Fresh Air Weekend: A Numbers Runner's Daughter; Random House Copy Chief Growing up, Bridgett M. Davis' mother booked bets from their home in Detroit. John Powers reviews Everybody Knows and Cold War. Benjamin Dreyer explains why he avoids writing the word "very."
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Fresh Air Weekend: A Numbers Runner's Daughter; Random House Copy Chief

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Fresh Air Weekend: A Numbers Runner's Daughter; Random House Copy Chief

Fresh Air Weekend: A Numbers Runner's Daughter; Random House Copy Chief

Fresh Air Weekend: A Numbers Runner's Daughter; Random House Copy Chief

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  • <iframe src="https://www.npr.org/player/embed/692389644/692999516" width="100%" height="290" frameborder="0" scrolling="no" title="NPR embedded audio player">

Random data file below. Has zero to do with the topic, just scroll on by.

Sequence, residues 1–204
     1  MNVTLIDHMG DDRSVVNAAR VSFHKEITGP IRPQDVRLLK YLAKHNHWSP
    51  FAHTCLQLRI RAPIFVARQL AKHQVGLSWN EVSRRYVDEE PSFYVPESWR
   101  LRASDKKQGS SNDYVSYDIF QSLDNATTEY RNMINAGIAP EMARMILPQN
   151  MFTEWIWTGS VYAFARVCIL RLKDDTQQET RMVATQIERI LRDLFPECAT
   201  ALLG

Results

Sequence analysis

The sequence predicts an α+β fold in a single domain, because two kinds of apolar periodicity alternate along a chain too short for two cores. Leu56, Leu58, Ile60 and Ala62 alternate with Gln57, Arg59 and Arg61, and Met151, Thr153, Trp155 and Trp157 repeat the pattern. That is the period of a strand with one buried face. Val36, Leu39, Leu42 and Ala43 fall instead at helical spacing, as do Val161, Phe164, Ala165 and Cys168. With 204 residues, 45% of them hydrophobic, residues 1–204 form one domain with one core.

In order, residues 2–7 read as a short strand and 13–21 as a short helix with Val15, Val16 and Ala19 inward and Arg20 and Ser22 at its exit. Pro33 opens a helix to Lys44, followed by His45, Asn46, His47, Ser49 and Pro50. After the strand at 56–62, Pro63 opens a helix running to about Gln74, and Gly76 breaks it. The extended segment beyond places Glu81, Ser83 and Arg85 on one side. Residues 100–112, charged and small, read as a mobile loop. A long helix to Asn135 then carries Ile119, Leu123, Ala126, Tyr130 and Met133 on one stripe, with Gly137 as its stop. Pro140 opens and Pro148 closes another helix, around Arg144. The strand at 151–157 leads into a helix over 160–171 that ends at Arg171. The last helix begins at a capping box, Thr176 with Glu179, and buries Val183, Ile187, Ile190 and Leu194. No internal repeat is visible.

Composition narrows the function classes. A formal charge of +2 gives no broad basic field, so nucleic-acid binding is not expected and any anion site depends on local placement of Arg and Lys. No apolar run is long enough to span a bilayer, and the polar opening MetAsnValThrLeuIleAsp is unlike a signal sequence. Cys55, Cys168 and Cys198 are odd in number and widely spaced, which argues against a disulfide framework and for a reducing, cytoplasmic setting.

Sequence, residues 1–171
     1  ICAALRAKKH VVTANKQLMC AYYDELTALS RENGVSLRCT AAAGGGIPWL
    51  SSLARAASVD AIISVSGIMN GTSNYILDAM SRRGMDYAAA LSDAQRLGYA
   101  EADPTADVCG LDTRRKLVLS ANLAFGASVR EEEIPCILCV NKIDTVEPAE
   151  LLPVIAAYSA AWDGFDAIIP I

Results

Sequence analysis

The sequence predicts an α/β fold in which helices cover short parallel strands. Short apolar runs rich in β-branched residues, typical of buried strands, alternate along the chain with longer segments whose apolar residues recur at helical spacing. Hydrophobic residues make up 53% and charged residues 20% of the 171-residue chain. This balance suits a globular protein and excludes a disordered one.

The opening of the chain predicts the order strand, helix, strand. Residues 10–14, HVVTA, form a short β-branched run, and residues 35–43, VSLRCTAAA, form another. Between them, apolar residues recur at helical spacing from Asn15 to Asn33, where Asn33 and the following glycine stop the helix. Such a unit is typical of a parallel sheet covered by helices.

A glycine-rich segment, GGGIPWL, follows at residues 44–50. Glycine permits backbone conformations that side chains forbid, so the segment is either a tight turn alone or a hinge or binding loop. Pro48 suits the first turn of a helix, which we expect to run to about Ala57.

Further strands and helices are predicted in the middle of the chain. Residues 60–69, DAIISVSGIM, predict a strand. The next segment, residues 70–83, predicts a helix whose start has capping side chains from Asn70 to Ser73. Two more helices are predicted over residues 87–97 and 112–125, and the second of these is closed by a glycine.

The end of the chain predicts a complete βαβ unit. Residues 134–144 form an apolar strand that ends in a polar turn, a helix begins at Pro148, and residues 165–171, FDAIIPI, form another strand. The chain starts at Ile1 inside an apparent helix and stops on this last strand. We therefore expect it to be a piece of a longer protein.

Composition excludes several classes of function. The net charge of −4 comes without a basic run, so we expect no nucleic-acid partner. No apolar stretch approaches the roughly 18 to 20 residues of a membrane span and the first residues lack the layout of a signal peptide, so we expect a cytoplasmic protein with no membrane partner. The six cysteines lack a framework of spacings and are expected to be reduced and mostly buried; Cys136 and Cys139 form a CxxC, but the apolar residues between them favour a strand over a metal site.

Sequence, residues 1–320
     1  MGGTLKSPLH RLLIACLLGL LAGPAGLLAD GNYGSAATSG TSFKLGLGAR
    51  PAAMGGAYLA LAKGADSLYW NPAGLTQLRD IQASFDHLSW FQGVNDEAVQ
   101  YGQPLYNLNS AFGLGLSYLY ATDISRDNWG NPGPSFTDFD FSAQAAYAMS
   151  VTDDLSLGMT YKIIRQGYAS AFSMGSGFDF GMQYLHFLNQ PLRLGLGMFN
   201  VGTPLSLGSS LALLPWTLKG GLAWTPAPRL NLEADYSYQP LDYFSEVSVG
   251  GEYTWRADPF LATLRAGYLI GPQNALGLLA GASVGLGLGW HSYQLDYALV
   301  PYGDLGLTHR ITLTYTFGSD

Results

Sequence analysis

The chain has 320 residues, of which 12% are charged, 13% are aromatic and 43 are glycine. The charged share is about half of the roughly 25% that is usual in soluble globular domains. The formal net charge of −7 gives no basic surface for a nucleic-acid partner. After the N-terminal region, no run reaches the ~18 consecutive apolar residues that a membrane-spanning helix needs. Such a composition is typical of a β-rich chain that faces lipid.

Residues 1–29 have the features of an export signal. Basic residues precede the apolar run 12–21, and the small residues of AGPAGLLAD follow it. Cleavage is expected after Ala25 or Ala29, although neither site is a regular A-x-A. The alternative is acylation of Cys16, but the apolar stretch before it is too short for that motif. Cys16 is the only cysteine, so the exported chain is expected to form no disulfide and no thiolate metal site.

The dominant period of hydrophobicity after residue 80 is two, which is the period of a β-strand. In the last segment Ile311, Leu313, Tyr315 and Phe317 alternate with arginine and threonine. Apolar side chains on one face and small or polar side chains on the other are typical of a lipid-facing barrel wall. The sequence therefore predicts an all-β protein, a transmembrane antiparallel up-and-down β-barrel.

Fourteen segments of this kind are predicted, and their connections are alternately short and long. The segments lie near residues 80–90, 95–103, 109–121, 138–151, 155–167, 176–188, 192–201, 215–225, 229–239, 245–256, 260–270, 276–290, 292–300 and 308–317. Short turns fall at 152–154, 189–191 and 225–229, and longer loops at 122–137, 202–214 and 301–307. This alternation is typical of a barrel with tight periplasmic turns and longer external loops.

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Daughter Of A Numbers Runner Witnessed An Underground Economy In Action: Growing up, Bridgett M. Davis' mother booked and banked bets from their home in Detroit. She writes about her experience — and the role of "the numbers" in the black community — in her memoir.

Details Make The Difference In 'Everybody Knows' And 'Cold War': Cold War's richness comes from being steeped in detail. And it demonstrates what Everybody Knows does not: that the road to the universal begins with the specific.

Random House Copy Chief: Stand Tall, Wordsmiths! (But Choose Your Battles): The subtitle of Benjamin Dreyer's book is An Utterly Correct Guide to Clarity and Style, but "the last thing that I want to do is to pass myself off as some sort of ferocious gatekeeper," he says.

You can listen to the original interviews here:

Daughter Of A Numbers Runner Witnessed An Underground Economy In Action

Details Make The Difference In 'Everybody Knows' And 'Cold War'

Random House Copy Chief: Stand Tall, Wordsmiths! (But Choose Your Battles)